Here are the number of Atlantic named storms, hurricanes, and intense hurricanes predicted by the various forecast groups in their late May or early June forecasts:

23 named storms: PSU statistical model
20 named storms: UKMET GloSea dynamical model
18.5 named storms, 11 hurricanes, 5 major hurricanes: NOAA hybrid statistical/dynamical model technique
18 named storms, 10 hurricanes, 5 intense hurricanes: CSU statistical model (Phil Klotzbach/Bill Gray)
17.7 named storms, 9.5 hurricanes, 4.4 intense hurricanes: Tropical Storm Risk (TSR), hybrid statistical/dynamical model technique (Note: TSR increased their numbers to 19.1, 10.4, and 4.8 with their July 6 forecast)
17 named storms, 10 hurricanes: FSU dynamical model
10 named storms, 6 hurricanes, 2 intense hurricanes: climatology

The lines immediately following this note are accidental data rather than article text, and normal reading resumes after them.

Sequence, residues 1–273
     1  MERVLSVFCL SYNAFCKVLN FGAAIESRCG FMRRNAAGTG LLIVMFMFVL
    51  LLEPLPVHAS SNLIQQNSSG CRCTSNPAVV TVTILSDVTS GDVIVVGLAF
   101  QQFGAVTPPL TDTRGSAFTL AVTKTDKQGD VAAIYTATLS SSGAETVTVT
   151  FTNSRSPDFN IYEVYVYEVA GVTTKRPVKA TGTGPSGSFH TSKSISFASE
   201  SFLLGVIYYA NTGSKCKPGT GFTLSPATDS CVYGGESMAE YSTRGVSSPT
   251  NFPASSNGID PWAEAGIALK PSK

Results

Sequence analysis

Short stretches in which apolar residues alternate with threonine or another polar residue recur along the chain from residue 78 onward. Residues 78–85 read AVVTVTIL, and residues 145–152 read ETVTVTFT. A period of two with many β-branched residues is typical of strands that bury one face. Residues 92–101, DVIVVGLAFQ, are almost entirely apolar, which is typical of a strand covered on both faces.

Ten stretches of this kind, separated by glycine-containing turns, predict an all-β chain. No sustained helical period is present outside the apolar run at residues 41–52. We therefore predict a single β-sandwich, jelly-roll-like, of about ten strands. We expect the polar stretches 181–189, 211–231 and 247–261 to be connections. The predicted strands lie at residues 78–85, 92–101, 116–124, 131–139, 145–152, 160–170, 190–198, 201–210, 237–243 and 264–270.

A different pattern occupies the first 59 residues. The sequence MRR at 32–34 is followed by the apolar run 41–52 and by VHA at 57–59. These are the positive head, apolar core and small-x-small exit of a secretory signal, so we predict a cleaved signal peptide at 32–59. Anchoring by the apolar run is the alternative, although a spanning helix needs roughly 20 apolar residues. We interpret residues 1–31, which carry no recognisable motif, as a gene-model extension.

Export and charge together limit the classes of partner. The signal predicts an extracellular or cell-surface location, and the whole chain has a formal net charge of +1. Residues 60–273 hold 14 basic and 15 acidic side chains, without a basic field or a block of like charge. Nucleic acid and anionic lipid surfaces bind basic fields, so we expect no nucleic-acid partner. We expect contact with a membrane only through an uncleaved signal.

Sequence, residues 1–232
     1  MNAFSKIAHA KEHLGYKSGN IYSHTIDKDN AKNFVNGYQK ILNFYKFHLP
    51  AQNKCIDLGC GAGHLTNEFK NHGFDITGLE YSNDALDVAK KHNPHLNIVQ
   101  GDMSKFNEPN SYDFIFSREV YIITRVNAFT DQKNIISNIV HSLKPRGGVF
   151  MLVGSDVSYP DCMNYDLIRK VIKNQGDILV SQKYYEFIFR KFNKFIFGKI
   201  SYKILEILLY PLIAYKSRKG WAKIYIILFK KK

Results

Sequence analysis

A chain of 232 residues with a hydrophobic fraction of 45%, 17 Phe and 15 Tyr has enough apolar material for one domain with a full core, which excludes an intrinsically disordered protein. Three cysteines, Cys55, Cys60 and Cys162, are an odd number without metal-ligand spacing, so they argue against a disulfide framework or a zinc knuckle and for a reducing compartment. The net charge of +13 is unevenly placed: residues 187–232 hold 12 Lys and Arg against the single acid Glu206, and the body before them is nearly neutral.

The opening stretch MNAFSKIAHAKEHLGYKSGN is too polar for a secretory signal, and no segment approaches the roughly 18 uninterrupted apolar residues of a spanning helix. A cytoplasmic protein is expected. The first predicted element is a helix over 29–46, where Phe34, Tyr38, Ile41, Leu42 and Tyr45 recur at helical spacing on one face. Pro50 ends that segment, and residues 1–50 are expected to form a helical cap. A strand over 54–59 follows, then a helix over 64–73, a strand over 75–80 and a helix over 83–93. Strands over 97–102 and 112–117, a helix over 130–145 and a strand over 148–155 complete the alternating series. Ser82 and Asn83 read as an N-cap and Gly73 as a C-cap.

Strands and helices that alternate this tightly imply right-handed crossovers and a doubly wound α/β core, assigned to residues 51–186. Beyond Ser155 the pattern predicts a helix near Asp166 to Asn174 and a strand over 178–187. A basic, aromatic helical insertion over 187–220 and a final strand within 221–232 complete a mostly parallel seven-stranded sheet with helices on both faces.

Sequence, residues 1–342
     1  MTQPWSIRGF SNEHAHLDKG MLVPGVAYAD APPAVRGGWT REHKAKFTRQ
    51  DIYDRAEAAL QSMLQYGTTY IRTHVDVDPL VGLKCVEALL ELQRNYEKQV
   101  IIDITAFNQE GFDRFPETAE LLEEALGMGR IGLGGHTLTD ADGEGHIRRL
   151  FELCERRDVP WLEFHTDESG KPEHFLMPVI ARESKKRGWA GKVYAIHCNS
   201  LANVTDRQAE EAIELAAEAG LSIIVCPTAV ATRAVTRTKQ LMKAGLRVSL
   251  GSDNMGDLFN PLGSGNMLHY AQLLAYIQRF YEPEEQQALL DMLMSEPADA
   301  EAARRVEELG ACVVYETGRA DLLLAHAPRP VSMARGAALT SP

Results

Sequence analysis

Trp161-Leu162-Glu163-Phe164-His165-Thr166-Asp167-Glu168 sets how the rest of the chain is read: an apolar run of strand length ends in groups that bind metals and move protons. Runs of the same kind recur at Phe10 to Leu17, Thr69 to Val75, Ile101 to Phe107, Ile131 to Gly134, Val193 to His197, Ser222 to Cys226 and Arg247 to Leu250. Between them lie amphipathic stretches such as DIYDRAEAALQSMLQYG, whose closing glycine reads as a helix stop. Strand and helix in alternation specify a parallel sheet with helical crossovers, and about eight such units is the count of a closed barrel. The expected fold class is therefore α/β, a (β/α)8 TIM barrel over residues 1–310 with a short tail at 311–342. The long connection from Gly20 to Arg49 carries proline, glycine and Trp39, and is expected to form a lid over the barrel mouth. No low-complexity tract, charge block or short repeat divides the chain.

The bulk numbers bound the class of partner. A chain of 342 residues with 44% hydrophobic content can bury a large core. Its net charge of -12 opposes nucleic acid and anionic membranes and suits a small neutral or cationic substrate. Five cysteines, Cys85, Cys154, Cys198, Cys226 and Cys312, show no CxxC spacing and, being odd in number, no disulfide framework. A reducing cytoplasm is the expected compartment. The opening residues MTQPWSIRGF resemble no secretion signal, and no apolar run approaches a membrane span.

The group forecasting the lowest activity was the Florida State University group led by Dr. Tim LaRow. They use a new dynamical forecast model called COAPS, which is funded by a 5-year, $6.2 million grant from NOAA. This year's June forecast by the COAPS model called for 17 named storms and 10 hurricanes. However, Dr. LaRow emailed me yesterday to say that the COAPS model is now calling for reduced activity. Using the state of the atmosphere and ocean as of July 15, a new run of the COAPS model was performed over the weekend. The new forecast is now calling for two fewer hurricanes--a total of 15 named storms and 8 hurricanes (including Alex.) The COAPS model generated an "ensemble" of five different forecasts, done by varying the initial sea surface temperatures by a few percent at the beginning of the model run. These five forecasts came up with a range of 12 - 16 named storms (including Alex), and 7 - 10 hurricanes. It will be interesting to see when CSU issues its August 4 forecast if they also cut their numbers. With only one named storm (Alex) thus far this year, it's getting pretty hard to have a season with 19 or 20 named storms. Only four hurricane seasons since 1851 have had as many as nineteen named storms. These four seasons--1887, 1933, 1995, and 2005--all had at least three named storms by July 20.